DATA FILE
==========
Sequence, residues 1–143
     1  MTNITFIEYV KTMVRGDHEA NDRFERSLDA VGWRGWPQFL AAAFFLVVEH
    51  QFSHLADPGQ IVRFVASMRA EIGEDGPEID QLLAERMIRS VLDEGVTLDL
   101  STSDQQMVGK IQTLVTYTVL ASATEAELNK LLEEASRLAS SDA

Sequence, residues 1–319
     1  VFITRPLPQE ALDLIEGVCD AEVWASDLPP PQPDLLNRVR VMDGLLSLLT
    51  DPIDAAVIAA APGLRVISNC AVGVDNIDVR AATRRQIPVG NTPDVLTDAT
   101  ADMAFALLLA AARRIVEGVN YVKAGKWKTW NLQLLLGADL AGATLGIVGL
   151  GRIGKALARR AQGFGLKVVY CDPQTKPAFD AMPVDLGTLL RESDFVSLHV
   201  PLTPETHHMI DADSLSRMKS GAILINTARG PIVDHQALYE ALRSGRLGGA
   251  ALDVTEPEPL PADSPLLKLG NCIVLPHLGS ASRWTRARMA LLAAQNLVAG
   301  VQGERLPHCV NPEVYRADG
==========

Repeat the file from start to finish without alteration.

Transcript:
Sequence, residues 1–143
     1  MTNITFIEYV KTMVRGDHEA NDRFERSLDA VGWRGWPQFL AAAFFLVVEH
    51  QFSHLADPGQ IVRFVASMRA EIGEDGPEID QLLAERMIRS VLDEGVTLDL
   101  STSDQQMVGK IQTLVTYTVL ASATEAELNK LLEEASRLAS SDA

Sequence, residues 1–319
     1  VFITRPLPQE ALDLIEGVCD AEVWASDLPP PQPDLLNRVR VMDGLLSLLT
    51  DPIDAAVIAA APGLRVISNC AVGVDNIDVR AATRRQIPVG NTPDVLTDAT
   101  ADMAFALLLA AARRIVEGVN YVKAGKWKTW NLQLLLGADL AGATLGIVGL
   151  GRIGKALARR AQGFGLKVVY CDPQTKPAFD AMPVDLGTLL RESDFVSLHV
   201  PLTPETHHMI DADSLSRMKS GAILINTARG PIVDHQALYE ALRSGRLGGA
   251  ALDVTEPEPL PADSPLLKLG NCIVLPHLGS ASRWTRARMA LLAAQNLVAG
   301  VQGERLPHCV NPEVYRADG